As a seller, do I need to inform buyer of repaired water damage?Originally published in The Chicago Tribune
by Benny L. Kass
Q: Is it necessary — or legally required — to inform a potential buyer you had water damage in the past? The areas that were affected have been completely redone under the supervision of my insurance company, the association’s insurance company and our very competent management company — everything is up to par and better than before.
A: This is a great question, and it involves much more than water damage. It applies to almost everything in the house (or condo) that you have already fixed. I get this question a lot regarding lead paint.
You had a problem and it is now fixed. Technically, since there is no longer any more water damage (or lead paint), you do not have to disclose. But let’s play this out a little. You sell your house, and less than two years later (still within the applicable statute of limitations) your buyer calls you and says, “I have a water leak in my basement and my neighbor told me you had a similar problem. You did not disclose this and I want you to pay me for the repair costs or I will get a lawyer and sue you for nondisclosure.”
As you can appreciate, we lawyers love this — it’s more business for us.
Seriously, my approach has always been disclose, disclose, disclose. What are you afraid of? You had water damage and took appropriate steps to correct it. To your knowledge, the problem is fixed.
I would disclose the fact that you had water damage (identify where), and that you had it repaired. You can even volunteer to provide proof of the repairs to your purchaser if they go to closing (escrow).
In my opinion, that’s a safe harbor. What can your buyer complain about? You told them about a problem and it was corrected. They are not buying a brand-new place — things happen to older homes. And presumably the buyer also had a home inspection contingency, and the inspector did not find any damage.
Transparency — in my opinion — is the best option.
Q: When a condominium association needs to make a decision regarding a choice between a special assessment versus increasing monthly condominium fees, which is wiser? Our over-55 community has six subassociations and unfortunately ours has depleted its reserve funds due to the repair of some extensive structural damage for which the builder is no longer responsible after almost 14 years. The property management company contends that an assessment is less desirable and would result in a negative for the entire development. I feel that a seriously depleted reserve fund is more detrimental and should be addressed with an assessment immediately versus increasing the monthly fees.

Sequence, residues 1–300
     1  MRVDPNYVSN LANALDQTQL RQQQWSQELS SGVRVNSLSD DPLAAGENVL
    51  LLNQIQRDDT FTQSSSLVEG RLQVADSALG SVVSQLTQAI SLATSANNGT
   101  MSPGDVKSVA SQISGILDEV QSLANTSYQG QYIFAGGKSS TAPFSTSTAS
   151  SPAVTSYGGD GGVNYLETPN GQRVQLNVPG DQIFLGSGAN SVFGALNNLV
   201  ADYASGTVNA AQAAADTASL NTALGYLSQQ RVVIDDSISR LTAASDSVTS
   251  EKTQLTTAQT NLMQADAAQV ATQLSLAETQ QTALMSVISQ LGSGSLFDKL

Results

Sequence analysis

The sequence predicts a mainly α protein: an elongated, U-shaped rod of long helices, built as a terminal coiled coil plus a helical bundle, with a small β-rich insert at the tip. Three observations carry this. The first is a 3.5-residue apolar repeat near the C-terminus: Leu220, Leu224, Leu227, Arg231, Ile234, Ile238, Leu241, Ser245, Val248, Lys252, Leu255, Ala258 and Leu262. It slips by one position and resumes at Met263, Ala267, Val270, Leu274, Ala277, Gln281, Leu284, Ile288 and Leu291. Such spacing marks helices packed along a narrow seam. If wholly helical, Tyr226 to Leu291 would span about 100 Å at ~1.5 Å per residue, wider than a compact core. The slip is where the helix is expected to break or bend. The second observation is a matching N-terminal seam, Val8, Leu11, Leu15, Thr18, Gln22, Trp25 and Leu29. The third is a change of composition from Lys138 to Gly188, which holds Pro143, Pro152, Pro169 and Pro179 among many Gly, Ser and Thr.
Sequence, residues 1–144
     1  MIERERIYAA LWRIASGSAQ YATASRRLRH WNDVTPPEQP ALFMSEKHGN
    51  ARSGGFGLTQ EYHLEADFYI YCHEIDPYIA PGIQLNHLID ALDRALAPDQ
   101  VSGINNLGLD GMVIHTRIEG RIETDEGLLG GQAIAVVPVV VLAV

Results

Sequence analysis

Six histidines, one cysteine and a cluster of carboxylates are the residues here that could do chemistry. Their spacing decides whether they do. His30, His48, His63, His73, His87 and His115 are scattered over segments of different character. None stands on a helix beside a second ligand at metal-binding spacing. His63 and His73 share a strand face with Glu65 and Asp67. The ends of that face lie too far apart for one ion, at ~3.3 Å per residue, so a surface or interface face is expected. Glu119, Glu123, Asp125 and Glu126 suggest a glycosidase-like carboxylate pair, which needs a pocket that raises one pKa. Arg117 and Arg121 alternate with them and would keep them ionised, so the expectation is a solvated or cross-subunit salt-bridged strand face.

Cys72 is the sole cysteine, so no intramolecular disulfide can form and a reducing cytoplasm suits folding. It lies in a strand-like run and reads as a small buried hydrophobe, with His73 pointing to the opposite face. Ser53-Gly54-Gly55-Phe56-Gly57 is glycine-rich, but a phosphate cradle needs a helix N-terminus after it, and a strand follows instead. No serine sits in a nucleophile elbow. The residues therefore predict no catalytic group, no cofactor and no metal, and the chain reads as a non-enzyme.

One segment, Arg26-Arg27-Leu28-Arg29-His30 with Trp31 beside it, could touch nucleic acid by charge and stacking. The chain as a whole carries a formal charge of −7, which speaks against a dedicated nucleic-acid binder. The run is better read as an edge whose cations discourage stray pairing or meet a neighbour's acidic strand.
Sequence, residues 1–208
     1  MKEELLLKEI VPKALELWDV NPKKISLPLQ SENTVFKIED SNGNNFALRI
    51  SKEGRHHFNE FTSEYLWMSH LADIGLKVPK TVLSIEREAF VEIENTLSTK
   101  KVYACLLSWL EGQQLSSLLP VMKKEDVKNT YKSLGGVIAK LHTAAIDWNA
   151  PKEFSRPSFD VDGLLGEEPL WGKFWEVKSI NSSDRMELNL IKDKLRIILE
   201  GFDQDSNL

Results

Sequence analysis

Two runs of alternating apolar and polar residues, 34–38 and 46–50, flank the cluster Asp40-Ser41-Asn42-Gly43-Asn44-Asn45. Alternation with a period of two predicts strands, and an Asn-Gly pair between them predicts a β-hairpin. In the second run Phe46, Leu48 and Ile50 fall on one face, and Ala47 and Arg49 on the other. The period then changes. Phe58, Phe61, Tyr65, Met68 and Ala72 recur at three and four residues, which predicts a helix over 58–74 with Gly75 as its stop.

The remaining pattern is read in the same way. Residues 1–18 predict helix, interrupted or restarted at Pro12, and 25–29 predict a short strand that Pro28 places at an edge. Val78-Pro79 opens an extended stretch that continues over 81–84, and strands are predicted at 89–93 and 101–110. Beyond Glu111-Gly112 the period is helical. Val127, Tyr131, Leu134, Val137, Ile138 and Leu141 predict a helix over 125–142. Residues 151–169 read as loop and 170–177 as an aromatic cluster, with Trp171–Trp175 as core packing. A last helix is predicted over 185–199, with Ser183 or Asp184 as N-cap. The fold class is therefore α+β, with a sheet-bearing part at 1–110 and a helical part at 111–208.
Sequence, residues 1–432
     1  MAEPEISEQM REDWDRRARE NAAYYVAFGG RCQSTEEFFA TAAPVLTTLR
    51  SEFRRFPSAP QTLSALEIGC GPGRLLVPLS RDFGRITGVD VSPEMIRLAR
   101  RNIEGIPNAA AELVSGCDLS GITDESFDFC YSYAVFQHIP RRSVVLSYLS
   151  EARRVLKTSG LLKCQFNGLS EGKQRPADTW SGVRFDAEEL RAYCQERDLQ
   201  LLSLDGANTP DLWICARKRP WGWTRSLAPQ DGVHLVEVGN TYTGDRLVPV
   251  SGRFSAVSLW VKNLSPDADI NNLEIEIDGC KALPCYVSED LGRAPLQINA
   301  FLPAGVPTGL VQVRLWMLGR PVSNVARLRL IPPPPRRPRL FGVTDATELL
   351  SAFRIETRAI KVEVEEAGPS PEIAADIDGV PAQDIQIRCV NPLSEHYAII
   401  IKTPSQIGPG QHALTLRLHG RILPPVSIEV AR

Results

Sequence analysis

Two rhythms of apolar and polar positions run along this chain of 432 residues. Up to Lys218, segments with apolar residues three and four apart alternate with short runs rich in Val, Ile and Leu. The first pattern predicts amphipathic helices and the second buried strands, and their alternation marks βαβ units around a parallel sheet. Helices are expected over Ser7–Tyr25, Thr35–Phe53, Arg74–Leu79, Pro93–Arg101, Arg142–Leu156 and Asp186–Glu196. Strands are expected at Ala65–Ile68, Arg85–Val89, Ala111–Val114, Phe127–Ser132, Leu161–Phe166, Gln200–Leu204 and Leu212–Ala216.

A: You asked a very good question, but unfortunately, there is no easy answer. This cannot be answered in a vacuum; we have to look at all of the facts. And perhaps the most important fact is to analyze the makeup of the owners. Can they afford a large assessment? Will such an assessment trigger more defaults? This would make your financial situation even worse.
What repairs are immediately needed? Has the board considered getting a bank loan, especially now that interest rates are low? Has the board considered a combination of assessment and increased monthly fees?
Bottom line: The board — with the input of owners such as you — should carefully consider all of the facts (and all of the various options) before making a decision. There is no universal answer.
Benny Kass is a practicing attorney in Washington, D.C., and in Maryland. He does not provide specific legal or financial advice to any reader. Readers may email him, but he cannot guarantee a personal response.
Date : 1/2/2018